“Well?” Apparently we are both losing our minds.

“Well I don’t remember what happened next. There is like a big void, like the memory was there but now it’s gone. The next thing I remember is waking up the next day as if none of it happened!”

I don’t believe what he is telling me. Standing now, I begin to back away slowly. He seems so adamant that he has killed me I feel as if he might try again.

“Tell me, why do you think all this good stuff is happening to you?” Dave asks me. I am perplexed by the question. He noticed too? Right then a man walks into the church, making a rather loud entrance. He must want our attention. He is a short man with long ragged hair and beard wearing a sports coat. I know I have seen him before. He gives me a wink and I know. He was the anchor for ESPN the day the Marlins beat the Sox. He was the man my Boss talked to after giving me my first raise. He was the man in the bar the day I met Ginger. He was the barkeep the day Dave and I became friends. “Do you know that guy?” Dave asks of me.

“I… I think I do…”

He walks right up to me and says, “Hello Rusty, it seems as if this paradise doesn’t suit you as well as I hoped.” After he spoke, a flash emanates from him and I am surrounded by white emptiness. It seems like an eternity is going by until. BANG.


I wake up in a sweat and out of breath. A loud boom takes me from my sleep. Sitting up in my bed, it takes me a few minutes to shake a sense of fear and anxiousness as I sort through the rude awakening. I glance over to my alarm clock, it is six in the morning and I have three hours before I have to leave for work. The thought of work begins to calm me from whatever nightmare has me out of breath.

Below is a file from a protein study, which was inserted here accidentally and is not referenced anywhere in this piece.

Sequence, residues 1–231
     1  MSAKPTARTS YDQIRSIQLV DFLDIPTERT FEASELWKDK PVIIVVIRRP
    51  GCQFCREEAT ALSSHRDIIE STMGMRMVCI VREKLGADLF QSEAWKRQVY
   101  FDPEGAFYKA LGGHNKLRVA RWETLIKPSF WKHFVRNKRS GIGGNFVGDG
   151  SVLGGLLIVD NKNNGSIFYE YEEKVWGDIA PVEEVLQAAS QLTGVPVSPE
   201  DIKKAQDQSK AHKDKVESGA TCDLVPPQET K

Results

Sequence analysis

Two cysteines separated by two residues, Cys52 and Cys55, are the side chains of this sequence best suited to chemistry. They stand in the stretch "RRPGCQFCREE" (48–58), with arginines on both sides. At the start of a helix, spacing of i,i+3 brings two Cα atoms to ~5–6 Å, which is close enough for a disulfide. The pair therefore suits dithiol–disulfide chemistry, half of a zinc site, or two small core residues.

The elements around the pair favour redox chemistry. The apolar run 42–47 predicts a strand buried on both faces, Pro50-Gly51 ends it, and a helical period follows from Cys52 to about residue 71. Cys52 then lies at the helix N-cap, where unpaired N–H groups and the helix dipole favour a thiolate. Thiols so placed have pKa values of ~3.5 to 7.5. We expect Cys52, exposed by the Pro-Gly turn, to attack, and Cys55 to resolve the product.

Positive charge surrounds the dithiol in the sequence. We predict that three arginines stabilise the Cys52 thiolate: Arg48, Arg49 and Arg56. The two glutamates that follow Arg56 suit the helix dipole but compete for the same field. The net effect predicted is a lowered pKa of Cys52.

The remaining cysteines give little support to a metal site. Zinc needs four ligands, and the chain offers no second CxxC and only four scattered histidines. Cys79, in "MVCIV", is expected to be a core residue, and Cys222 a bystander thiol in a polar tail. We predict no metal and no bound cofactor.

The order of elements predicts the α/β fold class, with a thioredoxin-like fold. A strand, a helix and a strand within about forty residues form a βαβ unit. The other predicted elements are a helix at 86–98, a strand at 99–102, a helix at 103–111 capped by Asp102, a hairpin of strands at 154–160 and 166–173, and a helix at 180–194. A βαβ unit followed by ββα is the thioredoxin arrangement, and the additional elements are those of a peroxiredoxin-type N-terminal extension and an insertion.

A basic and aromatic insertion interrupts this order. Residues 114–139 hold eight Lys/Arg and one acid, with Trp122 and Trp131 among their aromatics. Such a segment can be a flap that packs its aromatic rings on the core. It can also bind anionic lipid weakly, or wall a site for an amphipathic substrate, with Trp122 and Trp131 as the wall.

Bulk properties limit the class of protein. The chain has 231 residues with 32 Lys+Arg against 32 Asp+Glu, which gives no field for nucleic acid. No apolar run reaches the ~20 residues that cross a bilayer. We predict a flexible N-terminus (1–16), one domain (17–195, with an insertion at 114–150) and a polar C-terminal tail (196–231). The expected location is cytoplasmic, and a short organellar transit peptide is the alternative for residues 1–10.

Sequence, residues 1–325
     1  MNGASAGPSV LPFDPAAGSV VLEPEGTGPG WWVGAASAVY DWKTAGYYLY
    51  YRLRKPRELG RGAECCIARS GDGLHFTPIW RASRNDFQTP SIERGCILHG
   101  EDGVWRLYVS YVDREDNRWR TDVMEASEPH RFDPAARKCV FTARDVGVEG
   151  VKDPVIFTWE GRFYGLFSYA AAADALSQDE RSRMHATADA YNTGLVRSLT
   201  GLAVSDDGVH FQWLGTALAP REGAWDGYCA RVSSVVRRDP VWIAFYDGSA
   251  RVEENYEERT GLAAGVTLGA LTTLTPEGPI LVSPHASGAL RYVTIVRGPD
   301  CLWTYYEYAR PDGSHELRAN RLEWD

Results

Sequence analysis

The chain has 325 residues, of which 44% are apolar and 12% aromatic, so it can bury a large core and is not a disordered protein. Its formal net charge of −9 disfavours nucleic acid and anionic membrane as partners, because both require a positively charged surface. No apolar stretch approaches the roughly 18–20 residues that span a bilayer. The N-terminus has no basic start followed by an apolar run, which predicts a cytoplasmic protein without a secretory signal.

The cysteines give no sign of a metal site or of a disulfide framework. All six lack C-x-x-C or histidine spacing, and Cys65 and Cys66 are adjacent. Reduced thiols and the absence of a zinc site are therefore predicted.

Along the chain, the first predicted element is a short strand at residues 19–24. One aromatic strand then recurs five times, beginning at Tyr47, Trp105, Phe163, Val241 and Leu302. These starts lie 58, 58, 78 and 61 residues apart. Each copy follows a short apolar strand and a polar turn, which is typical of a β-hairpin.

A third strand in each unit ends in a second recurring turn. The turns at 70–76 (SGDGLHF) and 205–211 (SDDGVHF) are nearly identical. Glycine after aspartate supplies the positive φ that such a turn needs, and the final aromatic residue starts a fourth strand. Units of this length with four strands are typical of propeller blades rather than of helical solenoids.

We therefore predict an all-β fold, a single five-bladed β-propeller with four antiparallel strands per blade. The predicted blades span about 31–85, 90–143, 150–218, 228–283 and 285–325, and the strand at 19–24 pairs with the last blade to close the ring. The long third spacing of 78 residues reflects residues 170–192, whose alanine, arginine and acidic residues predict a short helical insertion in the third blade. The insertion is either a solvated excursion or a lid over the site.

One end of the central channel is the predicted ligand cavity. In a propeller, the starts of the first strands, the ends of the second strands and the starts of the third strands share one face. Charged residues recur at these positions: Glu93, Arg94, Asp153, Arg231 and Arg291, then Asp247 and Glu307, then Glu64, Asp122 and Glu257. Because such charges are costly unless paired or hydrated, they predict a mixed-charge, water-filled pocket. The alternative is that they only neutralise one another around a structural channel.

I begin my short drive to work. I never really noticed how spiriting it is driving around this small homely town before.

Pulling into work I begin to brace myself. I make my way into the building and walk into the break room. Derek is there, the biggest ass in the office. I brace myself for the hate that stems from a Sox loss. It came, exactly as I expected. Derek is an ass; he expresses his unhappiness for the Sox loss and then some.

“Fuck you Rusty! Those wannabe major leaguer Marlins don’t deserve to fucking win a hot dog at Fenway let alone a game. You should be fucking ashamed you dick.”

As I’m leaving the break room I look around the office. I don’t see Dave. I turn back into the break room and ask Derek if he has seen him.

“The dick moved.”

I turn back to the office and continue looking around until I spot an odd man across the way. I can barely see his smile through his long ragged beard. He shoots me a wink and gives me a thumbs up. I can’t help but think who the fuck is that?

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Posted by on March 27, 2011 in Fiction, Short Story